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Specialisterne Foundation is a non-for-profit organization that works to enable one million jobs for people with autism and similar challenges.

One of the defining characteristics of being autistic is taking things literally, and it often causes misunderstandings and social rifts in our personal and professional lives. However, it’s important to note that when an autistic person takes your words at face value, it is not a purposeful attempt to be a “smart aleck”, as it is sometimes perceived; it’s just another example of how the autistic brain takes in and processes information differently than our non-autistic counterparts.

The good news is, there are some things you can do as a supervisor to help your autistic employees understand your meaning while also improving the experience of everyone in your employ, regardless of their neurotype!

Unspoken Expectations Can Lead to Difficult Misunderstandings

Let’s say you’re a supervisor, and you’ve been called away on an emergency an hour before an important meeting you were planning to head. On your way out the door, you instruct your administrative assistant, Carol, to call and cancel the meeting without giving any further explanation or instruction.

If Carol is autistic, here is how this might play out:

Carol senses your anxiety and feelings of urgency as she sees you rush out to your car, quickly blurting out instructions over your shoulder. Her brain will switch to task mode to do what you’ve asked. She will call each person who was supposed to attend the meeting and tell them the meeting has been canceled, and the sense of urgency will stay with her until the last phone call has been made and the task completed as asked. Once this is accomplished, it is filed as “done” in her mind, and she will go back to working on the project she was engaged in before you asked her to cancel the meeting.

A few minutes later, you get several calls from the meeting attendees complaining about the sudden meeting change and asking several questions that you believe Carol should have answered.

From your past experience with other administrative assistants, you believed Carol would automatically know that she was expected to explain the reasoning behind the canceled meeting and then reschedule it while also apologizing for the inconvenience and soothing any possible hurt feelings.

But this was not explicitly instructed.

Therefore, if you, as the supervisor, now call Carol in a state of agitation and reprimand her for not doing these unspoken things, she will be taken aback, confused, and hurt, and she will lose trust in you and confidence in herself because even though she did exactly as instructed, she still, somehow, didn’t do it right according to your expectations.

The Importance of Clearly-Defined Protocol for Every Employee

From reading the example above, you may think autistic employees are the only ones who take instructions literally and don’t see unspoken inference. Not necessarily! It’s important for supervisors to remember that their employees not only have different neurotypes, but they also come from different cultural, industry, and generational backgrounds that all influence the way they communicate and relate to others.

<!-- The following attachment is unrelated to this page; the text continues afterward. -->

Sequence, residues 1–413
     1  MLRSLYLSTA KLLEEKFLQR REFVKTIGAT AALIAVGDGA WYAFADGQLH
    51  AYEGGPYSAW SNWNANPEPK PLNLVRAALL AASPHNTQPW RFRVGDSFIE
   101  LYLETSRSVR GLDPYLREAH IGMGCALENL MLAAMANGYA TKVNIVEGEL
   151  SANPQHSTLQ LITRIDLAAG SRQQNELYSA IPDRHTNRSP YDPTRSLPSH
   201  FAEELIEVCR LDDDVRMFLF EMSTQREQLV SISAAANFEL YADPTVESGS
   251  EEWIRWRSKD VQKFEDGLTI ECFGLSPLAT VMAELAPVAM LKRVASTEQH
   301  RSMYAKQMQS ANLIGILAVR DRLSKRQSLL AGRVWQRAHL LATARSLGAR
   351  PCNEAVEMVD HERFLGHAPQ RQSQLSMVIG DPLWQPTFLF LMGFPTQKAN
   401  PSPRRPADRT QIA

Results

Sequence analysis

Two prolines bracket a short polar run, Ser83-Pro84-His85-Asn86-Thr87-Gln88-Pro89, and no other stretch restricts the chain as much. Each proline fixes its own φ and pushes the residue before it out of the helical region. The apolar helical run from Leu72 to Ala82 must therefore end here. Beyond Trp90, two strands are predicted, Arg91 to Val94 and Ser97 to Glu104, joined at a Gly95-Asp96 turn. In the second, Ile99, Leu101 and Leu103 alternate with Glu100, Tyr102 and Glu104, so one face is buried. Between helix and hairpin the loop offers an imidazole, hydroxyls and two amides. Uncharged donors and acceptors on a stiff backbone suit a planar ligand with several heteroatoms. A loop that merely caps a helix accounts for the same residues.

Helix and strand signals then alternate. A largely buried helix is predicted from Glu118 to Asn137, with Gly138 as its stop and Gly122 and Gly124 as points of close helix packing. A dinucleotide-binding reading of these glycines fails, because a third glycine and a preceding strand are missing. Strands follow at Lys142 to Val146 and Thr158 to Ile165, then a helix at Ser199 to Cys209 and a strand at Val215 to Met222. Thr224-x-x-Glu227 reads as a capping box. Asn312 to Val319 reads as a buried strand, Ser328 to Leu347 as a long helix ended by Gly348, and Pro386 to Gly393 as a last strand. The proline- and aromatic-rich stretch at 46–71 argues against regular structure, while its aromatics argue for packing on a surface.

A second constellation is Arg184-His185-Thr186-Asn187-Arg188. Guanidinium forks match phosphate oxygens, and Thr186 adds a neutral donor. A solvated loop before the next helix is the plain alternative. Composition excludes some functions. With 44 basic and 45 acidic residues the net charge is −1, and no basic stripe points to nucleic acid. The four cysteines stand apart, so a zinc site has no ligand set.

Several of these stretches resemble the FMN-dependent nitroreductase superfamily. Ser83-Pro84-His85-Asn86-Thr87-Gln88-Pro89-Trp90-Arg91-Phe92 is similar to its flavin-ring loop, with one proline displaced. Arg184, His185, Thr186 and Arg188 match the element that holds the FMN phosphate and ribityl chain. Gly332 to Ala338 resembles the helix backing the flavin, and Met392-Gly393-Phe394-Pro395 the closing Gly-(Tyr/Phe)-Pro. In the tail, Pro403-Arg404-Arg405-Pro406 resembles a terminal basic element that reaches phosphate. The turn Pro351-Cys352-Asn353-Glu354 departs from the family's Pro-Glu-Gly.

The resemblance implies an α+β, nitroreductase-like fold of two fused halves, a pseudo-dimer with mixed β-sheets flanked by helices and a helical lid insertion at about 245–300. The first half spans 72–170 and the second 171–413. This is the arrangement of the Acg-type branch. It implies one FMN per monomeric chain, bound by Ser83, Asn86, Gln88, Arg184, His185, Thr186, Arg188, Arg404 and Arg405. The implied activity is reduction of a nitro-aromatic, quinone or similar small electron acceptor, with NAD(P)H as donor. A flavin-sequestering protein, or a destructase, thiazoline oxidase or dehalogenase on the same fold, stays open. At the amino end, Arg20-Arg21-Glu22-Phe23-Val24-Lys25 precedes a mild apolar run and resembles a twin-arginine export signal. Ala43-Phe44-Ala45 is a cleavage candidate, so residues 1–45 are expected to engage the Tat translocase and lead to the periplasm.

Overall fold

Assuming everyone communicates the same way can cause a lot of unnecessary frustration for everyone, not to mention lost business and productivity. This is why I highly recommend developing a clearly-defined protocol for every employee across the board. If you, as a supervisor, have a specific idea of how you want your department to run, a clearly defined set of instructions that are both written out and visual can go a long way in preventing misunderstandings.

While no business can prepare for every contingency ahead of time, it can be helpful to look at miscommunications that have happened in the past and use them to build a framework for better understanding and improved inter-office communication.

Assume Positive Intent to Build Trust and a Supportive Environment

As I’ve mentioned in past articles, autistic people are often greatly underemployed and unemployed, and this is often due not to lack of skill but our communication differences being misinterpreted as lack of respect, sarcasm, laziness, or rudeness. Since many autistic people have also experienced trauma due to sudden and unexpected job losses in the past, when a new supervisor also misunderstands their intent and reprimands them, it can bring back those unpleasant feelings and experiences, and trust can be quickly lost.

As a supervisor, assuming positive intent instead of sarcasm when your employee takes your instructions literally can go a long way in making them feel safe and supported while also improving the overall morale of your company.

The Takeaway

Clear, concise instructions and expectations across the board don’t just help autistic people; they help reduce confusion and frustration while improving productivity and morale for everyone, and that’s a win-win!